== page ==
This came out in 1963. The previous year, Marx started making a Jellystone Park playset (conveniently, it was just in time for Christmas). I gather it had a flat cardboard surface, like a board game, with a river and other things drawn on it where you could place the characters. You’ll notice Yakky Doodle, Fibber Fox and Alfie Gator, along with Cindy Bear and Ranger Smith, plus a beaver and a pile of other animals. Suggested retail price: $5.29 (according to the Los Angeles Times, Nov. 22, 1962).


A few close-ups.



The great thing about a toy like this is you could be pretend to be Warren Foster and Daws Butler, and create your own little live-action Yogi Bear “cartoon.” I suppose people today have fan fiction that kind of serves the same purpose, but this seems like a lot more fun.

Saturday, May 20, 2017

Changing Yogi Bear

The original Yogi Bear wasn’t quite the Yogi Bear we all know today.

After Warren Foster arrived at Hanna-Barbera in April 1959 and took over writing the Yogi cartoons, a decision was made to put Yogi in a consistent setting with a consistent cast. So the bear was given a home in Jellystone Park, Boo Boo was made a permanent sidekick and Ranger Smith was added to give Yogi someone to conflict with. This template made for stronger story potential and, evidently, resulted in the character becoming more popular, and certainly more memorable.

But I still really like the pre-Foster Yogi that appeared on the first season of the Huckleberry Hound Show, and mourn his passing. Yogi was sometimes in Jellystone, other times in what appears to have been some generic woods. Several different rangers appeared on occasion. Boo Boo wasn’t always there. (As a side note, there was an awful lot less dialogue, even though Charlie Shows had been hired specifically to write words. I suppose it was natural, considering Joe Barbera and Bill Hanna had worked with silent characters for 17 years).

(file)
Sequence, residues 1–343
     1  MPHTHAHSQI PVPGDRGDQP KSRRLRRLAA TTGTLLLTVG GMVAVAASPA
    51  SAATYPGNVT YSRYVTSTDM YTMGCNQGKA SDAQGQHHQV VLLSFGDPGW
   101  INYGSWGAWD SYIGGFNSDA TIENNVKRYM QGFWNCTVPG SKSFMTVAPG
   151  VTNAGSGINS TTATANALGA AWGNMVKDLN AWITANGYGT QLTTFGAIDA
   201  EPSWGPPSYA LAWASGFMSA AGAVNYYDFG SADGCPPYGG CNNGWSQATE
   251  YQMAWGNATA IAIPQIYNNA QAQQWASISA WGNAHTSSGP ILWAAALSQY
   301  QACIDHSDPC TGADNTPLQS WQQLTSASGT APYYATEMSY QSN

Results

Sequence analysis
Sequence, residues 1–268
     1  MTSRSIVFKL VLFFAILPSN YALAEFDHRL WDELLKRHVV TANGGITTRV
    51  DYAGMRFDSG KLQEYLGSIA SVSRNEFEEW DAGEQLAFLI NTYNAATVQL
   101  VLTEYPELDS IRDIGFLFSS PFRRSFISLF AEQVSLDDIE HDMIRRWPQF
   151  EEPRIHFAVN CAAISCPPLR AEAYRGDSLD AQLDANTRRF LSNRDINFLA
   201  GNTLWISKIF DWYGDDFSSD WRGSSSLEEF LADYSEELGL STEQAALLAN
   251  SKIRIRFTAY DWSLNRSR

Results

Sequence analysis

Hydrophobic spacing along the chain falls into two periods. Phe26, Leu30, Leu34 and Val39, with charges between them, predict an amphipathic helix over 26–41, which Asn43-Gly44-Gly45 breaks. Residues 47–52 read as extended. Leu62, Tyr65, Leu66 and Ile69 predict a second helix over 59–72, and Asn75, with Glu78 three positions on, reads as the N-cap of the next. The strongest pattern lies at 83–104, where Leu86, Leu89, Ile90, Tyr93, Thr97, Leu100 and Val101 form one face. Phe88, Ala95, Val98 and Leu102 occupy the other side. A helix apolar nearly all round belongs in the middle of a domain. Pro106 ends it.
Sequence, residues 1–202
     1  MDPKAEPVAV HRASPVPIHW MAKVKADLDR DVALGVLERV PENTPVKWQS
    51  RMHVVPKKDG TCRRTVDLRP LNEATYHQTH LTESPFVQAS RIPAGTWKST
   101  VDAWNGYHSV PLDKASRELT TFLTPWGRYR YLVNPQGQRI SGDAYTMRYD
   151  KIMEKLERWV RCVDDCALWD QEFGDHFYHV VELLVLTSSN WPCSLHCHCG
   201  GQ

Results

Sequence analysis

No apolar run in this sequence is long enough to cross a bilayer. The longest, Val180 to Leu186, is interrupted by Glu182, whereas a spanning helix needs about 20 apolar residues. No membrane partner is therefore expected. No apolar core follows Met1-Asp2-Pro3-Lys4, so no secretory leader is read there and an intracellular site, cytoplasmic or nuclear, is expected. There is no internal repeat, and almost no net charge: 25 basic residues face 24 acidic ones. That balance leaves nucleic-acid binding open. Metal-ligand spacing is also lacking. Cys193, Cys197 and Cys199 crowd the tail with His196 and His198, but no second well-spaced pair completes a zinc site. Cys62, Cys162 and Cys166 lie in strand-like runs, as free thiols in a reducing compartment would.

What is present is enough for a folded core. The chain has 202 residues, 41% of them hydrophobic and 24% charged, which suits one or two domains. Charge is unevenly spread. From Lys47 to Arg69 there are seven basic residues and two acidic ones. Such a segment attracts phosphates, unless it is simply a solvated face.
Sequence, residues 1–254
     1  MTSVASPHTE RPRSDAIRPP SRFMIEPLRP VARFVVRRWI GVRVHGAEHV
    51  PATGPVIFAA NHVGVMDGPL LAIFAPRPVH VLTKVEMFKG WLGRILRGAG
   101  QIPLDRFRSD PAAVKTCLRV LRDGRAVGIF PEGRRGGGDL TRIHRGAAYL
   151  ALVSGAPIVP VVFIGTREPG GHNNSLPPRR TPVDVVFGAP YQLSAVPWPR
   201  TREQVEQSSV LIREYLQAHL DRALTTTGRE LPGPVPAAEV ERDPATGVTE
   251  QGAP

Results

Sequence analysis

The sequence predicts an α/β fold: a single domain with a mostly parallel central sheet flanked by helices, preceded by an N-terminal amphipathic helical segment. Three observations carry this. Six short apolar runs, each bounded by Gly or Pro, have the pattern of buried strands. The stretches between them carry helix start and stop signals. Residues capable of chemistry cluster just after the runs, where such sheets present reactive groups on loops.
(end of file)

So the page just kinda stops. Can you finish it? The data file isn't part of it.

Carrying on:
The first-season Yogi also occasionally employed the spot-gag format, which I really liked. Many of the theatrical studios had tried it, both in live-action and animated shorts. A narrator gives a line of patter on a particular subject, setting up a sight-gag on the screen. Then it’s on to the next gag.

There’s one problem with sight-gag cartoons—you have to rely on the artwork, and TV animation budgets are such that dialogue gags are wayyyy cheaper. Still, the Hanna-Barbera cartoons in that 1958-59 season carried it off.